Attorneys interviewed by the Tribune scoffed at that as motive for the indictment but agreed that the defense likely won’t be able to count on assistance at trial from the three — or possibly any other officers who fear indictment.
Some said the three could feel pressure to testify against Van Dyke in exchange for leniency from prosecutors.
"It’s the opposite of silencing them," said Michael Oppenheimer, a former Cook County prosecutor now in private practice.
"It wouldn’t surprise me at all if this was, ‘Hey, this is a warning shot; we’re coming after you unless you have something to tell us,’" Oppenheimer said. "I think (the officers) have always known or assumed that nothing would happen to them. … Now things have changed a little bit with this case, so hopefully if they’ve done something wrong, or a higher-up has done something wrong, they might flip."
But others said the charges against the three officers aren’t serious enough — probation remains a possibility on conviction — to create the pressure necessary to turn on a fellow officer. And if they did testify against Van Dyke, their honesty and credibility would be sure to be attacked because of their cooperation with prosecutors in exchange for leniency, the lawyers said.
But veteran criminal defense lawyer Edward Genson, who knows Holmes, doubts her strategy in bringing the indictment involves pressuring the officers to testify against Van Dyke. Both investigations are separate and involve different special prosecutors.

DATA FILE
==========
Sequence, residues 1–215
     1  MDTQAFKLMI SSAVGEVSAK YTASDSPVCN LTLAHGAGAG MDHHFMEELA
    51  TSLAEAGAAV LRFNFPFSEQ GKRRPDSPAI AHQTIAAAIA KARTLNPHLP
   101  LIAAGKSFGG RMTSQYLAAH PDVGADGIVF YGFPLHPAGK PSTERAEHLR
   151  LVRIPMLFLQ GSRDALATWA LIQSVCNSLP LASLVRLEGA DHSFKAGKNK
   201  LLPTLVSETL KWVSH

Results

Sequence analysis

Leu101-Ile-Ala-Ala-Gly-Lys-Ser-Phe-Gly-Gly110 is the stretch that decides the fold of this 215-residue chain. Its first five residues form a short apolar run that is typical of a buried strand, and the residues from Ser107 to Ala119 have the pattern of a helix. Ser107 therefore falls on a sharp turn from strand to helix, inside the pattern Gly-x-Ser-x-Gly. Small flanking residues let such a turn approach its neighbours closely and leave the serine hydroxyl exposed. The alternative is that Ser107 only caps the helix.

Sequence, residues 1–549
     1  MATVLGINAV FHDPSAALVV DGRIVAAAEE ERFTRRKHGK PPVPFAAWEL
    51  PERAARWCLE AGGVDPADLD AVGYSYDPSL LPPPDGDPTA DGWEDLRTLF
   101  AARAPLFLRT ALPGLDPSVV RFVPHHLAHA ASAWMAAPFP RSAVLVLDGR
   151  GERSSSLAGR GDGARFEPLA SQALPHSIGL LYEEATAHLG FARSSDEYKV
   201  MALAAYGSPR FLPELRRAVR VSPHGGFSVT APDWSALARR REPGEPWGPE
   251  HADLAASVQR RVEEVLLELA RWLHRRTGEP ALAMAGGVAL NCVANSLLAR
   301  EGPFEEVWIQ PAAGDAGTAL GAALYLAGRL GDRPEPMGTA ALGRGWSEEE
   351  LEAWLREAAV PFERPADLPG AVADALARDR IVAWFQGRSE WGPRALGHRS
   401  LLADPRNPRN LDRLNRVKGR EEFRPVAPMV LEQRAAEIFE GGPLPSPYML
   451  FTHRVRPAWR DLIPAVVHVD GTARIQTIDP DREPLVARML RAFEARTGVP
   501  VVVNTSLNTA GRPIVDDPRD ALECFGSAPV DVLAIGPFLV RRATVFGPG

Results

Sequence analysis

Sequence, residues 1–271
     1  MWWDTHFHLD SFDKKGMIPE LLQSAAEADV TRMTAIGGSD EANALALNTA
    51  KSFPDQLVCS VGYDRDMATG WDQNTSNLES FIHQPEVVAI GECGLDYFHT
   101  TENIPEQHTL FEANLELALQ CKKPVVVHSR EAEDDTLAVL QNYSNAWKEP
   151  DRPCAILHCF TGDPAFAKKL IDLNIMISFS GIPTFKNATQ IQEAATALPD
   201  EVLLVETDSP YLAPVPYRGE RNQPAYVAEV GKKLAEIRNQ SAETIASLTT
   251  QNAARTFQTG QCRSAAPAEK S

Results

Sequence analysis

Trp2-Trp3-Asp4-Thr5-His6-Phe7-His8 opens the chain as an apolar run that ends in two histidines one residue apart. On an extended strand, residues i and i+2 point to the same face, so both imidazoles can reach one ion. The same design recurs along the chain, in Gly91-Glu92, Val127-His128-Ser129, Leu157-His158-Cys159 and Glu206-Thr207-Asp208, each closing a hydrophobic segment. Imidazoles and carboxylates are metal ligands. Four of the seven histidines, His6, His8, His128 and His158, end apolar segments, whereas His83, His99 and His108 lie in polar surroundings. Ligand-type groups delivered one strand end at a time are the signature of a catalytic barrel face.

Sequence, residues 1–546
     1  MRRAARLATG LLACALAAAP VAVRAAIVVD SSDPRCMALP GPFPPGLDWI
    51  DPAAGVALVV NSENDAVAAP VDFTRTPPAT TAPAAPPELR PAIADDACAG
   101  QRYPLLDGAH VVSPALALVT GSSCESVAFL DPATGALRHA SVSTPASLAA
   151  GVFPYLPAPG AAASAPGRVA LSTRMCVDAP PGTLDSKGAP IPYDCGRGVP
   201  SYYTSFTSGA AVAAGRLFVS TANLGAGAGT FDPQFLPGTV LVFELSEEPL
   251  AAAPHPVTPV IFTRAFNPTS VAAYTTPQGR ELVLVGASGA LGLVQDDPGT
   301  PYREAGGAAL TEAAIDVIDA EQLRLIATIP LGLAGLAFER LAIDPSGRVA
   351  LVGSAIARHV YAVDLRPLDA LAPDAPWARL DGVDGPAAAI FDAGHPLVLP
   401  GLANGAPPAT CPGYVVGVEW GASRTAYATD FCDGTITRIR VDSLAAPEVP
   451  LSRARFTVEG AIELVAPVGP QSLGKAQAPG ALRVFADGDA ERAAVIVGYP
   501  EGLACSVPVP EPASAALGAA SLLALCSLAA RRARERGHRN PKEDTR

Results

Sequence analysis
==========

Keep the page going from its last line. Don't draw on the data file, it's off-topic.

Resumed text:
"I just don’t think that will happen," Genson said. "I don’t think the prosecutor would indict these three people because they were trying to force (them) to enhance the (Van Dyke) case."
Loeb said the publicity over the indictment of the three officers as well as its allegation of Van Dyke’s involvement in the alleged cover-up "can’t make the Van Dyke defense team happy."
"It’s that much more smoke, whether or not it’s fire," Loeb said.
But attorney Terry Ekl downplayed the impact of pretrial publicity, even in such high-profile cases. Ekl represented a female bartender in a lawsuit over her infamous beating — captured on video — by a drunken, off-duty Chicago cop, Anthony Abbate.
"That video was played around the world … and we had absolutely no problem picking a jury of people who either hadn’t seen it or weren’t influenced by it," he said.
Besides, the attorneys said, Van Dyke’s lawyer will almost certainly let Judge Vincent Gaughan, not a jury, decide the officer’s fate, making pretrial publicity irrelevant.
"I would think the overwhelming probability here is that it’s going to be a bench trial and not a jury trial," Ekl said. "I’m not convinced that these indictments have a great impact on Van Dyke’s ability to have a fair trial."
In the end, Van Dyke’s murder case will likely hinge on his specific actions, not on what his fellow officers did after the the shooting, the lawyers said.
"It still gets back, when it’s all said and done, to what Van Dyke reasonably believed," Ekl said.